Nature’s role in reducing flood risks in Oxford

Oxford has the second fastest growing economy of all UK cities but it also has a long history of flooding, with significant floods in recent decades causing devastating effects. Climate change is expected to cause more frequent and more severe floods across the UK, leading to the government declaring a climate emergency in 2019. Finding new ways to alleviate, and mitigate, the impacts of climate change is at the top of the political agenda and nature based solutions offer one potential remedy.

The Oxford Flood Alleviation Scheme is a major project, led by the Environment Agency, dedicated to reducing Oxford’s flood risk and providing wider benefits to Oxfordshire. This scheme is designed to cope with floods of a major scale, to help protect the city in coming decades as flood risk increases with climate change, and forms part of a wider programme to improve flood resilience being planned by the Environment Agency across the Thames Valley area.

The proposed Scheme (currently in planning application phase) will create a new stream with wetland wildlife corridor, running through the existing floodplain to the west of Oxford, in order to create more space for floodwater away from built-up areas, reducing flood risk in Oxford and surrounding areas for many decades to come.

impression of OFAS

Artist’s impression of the proposed new stream, viewed from Devil’s Backbone

In 2019, the Environment Agency published the plans for an ‘environmental’ organisation to eventually take on the management and care of the resulting new flood scheme. Earth Trust was one of many well-known and respected organisations that put themselves forward to be awarded the opportunity to work with the Environment Agency to ensure the ‘scheme’ is a flourishing haven for nature, local residents and the regional ecosystem. The decision of which organisation will eventually be the long-term managers is yet to be concluded. Until then, Earth Trust is in a position to support the emerging plans for the end product and how it delivers the maximum benefits for people, climate and the natural environment.

There is no doubt that the construction of the scheme will be disruptive, and presents challenges for the existing landscape and ecosystems; Earth Trust acknowledges this, and continues to play a part in testing how to minimise these negative impacts and how the resulting land manager may be able to play their part in restoring nature. When considering our role in this period, prior to appointing a long-term manager of the scheme, Earth Trust was keen to make sure that our principles and skills could be brought into the process and the developing vision for Oxford has the interests of climate, nature and people taken into account at every opportunity.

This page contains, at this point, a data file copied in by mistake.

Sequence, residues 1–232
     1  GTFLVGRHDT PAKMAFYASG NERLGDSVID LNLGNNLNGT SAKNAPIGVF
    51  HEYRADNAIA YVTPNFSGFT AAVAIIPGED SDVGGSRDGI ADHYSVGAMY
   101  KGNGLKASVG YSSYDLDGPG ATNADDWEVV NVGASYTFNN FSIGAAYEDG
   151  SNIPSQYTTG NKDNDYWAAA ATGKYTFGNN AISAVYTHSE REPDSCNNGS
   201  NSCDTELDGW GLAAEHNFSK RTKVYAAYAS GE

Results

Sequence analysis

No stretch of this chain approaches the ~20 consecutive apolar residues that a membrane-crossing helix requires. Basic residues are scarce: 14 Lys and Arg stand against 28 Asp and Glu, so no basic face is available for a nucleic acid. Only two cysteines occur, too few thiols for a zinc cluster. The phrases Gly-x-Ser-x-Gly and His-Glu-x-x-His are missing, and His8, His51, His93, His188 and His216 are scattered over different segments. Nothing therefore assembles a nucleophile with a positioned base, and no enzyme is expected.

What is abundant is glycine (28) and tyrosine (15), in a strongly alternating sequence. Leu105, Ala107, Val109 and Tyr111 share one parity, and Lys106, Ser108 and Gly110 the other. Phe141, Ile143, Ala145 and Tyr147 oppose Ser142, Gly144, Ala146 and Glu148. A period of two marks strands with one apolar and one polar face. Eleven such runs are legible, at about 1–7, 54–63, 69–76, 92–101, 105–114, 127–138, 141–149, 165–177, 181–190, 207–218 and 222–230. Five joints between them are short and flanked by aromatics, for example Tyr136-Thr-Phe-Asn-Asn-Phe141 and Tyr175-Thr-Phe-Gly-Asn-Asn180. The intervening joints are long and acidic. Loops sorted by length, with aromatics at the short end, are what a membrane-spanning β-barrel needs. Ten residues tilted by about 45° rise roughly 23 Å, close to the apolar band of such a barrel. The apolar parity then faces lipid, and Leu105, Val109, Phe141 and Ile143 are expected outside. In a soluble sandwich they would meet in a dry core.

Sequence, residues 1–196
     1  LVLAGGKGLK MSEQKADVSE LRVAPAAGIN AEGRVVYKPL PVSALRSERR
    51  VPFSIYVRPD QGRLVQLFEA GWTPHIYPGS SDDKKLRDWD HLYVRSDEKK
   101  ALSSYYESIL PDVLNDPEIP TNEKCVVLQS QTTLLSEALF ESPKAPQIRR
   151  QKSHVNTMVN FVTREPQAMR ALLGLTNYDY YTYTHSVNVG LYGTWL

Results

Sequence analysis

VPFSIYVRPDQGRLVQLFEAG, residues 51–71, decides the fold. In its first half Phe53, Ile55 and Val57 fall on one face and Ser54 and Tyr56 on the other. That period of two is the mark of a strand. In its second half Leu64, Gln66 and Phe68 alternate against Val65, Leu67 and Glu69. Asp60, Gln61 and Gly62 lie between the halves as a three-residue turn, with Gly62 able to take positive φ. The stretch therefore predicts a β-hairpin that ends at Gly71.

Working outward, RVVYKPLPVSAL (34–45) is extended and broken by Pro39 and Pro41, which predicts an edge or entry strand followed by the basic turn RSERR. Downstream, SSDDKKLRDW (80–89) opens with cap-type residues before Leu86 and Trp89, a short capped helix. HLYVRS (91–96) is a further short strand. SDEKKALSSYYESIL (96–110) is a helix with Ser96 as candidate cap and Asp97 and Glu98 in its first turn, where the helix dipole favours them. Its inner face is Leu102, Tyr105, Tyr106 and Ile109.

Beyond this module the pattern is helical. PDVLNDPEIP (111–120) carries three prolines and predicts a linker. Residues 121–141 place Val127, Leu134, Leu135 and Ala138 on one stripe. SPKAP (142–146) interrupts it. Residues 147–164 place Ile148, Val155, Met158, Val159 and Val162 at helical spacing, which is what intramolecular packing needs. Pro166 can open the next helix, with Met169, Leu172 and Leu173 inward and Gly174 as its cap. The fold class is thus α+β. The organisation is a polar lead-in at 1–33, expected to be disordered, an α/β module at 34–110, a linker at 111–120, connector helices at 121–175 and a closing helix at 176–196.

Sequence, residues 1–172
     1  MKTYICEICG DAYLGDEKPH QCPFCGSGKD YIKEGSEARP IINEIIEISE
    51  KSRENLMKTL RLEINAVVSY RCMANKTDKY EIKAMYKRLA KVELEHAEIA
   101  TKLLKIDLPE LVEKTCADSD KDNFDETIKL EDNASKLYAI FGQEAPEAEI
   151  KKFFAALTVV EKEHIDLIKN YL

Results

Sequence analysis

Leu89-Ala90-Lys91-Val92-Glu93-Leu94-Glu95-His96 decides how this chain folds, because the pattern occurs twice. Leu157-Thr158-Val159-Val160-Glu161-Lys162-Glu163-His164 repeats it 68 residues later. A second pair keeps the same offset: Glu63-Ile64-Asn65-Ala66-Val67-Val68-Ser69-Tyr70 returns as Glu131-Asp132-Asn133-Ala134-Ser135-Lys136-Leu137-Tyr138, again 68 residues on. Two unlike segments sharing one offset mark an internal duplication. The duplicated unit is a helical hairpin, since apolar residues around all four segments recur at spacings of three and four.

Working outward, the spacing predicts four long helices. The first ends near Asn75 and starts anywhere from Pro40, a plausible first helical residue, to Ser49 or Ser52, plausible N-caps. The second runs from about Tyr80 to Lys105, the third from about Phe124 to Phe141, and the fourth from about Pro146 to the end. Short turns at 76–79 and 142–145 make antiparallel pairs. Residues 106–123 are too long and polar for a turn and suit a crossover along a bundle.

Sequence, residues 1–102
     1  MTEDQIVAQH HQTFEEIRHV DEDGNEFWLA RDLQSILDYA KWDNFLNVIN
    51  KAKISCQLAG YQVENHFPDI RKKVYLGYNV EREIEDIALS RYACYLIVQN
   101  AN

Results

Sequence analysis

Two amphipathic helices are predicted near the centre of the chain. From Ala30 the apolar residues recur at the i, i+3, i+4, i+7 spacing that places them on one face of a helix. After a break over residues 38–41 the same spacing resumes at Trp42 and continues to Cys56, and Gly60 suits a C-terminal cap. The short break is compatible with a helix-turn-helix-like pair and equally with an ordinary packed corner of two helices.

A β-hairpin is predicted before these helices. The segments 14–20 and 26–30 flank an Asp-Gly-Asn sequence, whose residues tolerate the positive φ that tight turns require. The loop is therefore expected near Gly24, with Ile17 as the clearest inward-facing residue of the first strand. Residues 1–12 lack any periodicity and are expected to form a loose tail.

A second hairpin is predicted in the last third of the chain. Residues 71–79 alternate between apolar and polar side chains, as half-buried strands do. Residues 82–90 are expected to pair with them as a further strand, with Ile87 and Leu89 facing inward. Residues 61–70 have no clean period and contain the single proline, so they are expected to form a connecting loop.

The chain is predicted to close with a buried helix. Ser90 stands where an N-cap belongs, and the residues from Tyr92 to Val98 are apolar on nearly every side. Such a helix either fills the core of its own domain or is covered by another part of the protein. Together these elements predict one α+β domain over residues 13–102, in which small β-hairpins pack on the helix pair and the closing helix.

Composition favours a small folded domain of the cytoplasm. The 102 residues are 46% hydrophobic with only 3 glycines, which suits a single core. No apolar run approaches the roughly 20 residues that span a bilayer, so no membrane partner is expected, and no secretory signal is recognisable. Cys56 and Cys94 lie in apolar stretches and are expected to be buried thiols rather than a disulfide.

Our ethos is that all green (and blue) spaces have an enormous part to play in healthy ecosystems that underpin how we, as humans, interact with our surroundings.

If managed well, the resulting new stream and flood plain have the opportunity to deliver even greater benefits for biodiversity, the environment and engagement of people, at the same time as mitigating the flood risks. These ecosystem services have the ability to deliver an abundance of benefits ranging from greater biodiversity on well-managed floodplains and water flow through the main channels, and opportunities for communities to engage with new areas of access, and managed recreation space.

Earth Trust was the lead partner in creating the largest floodplain wetland on the banks of the River Thames in 2021, near Dorchester-on-Thames (named River of Life 2). At the time of construction, and shortly after, the initial impacts were clear to see, and the new features we had created seemed stark in contrast to the surrounding established landscape. Just 6 months later, these new wetlands are already delivering exciting new habitats and breeding grounds for vast numbers of species, feeding directly back into the river, the floodplain and rapidly recovering meadows. Expert national partners are similarly excited by the results, with new opportunities emerging for how the wetland is delivering impacts for the climate emergency, biodiversity crisis and the enjoyment of residents and visitors alike.

The results we have seen with River of Life 2 give us faith in the power of nature to recover, and recover fast.

A major project of this kind will always be contentious and no-doubt disruptive. There are many different views to consider, and perspectives on how best to balance the needs of both people and nature in order to address the challenges of climate and biodiversity along with our health and wellbeing. But, the need for the OFAS is clear. The urgency for a scheme that delivers multiple benefits is one we hope can be realised in time.

The public consultation on the Oxford Flood Alleviation Scheme planning application ends on 9th May.
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